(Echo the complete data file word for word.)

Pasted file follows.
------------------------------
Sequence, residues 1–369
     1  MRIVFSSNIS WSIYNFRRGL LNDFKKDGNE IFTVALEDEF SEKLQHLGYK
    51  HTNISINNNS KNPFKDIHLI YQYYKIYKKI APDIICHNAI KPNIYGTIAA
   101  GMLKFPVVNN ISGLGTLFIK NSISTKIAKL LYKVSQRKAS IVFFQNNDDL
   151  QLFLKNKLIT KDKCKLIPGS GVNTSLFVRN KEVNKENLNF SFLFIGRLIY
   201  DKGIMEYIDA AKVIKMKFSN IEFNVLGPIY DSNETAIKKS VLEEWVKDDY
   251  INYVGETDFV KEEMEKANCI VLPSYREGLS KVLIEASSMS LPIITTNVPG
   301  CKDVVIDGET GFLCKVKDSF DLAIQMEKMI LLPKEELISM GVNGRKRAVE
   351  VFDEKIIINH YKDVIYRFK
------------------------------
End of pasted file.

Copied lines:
Sequence, residues 1–369
     1  MRIVFSSNIS WSIYNFRRGL LNDFKKDGNE IFTVALEDEF SEKLQHLGYK
    51  HTNISINNNS KNPFKDIHLI YQYYKIYKKI APDIICHNAI KPNIYGTIAA
   101  GMLKFPVVNN ISGLGTLFIK NSISTKIAKL LYKVSQRKAS IVFFQNNDDL
   151  QLFLKNKLIT KDKCKLIPGS GVNTSLFVRN KEVNKENLNF SFLFIGRLIY
   201  DKGIMEYIDA AKVIKMKFSN IEFNVLGPIY DSNETAIKKS VLEEWVKDDY
   251  INYVGETDFV KEEMEKANCI VLPSYREGLS KVLIEASSMS LPIITTNVPG
   301  CKDVVIDGET GFLCKVKDSF DLAIQMEKMI LLPKEELISM GVNGRKRAVE
   351  VFDEKIIINH YKDVIYRFK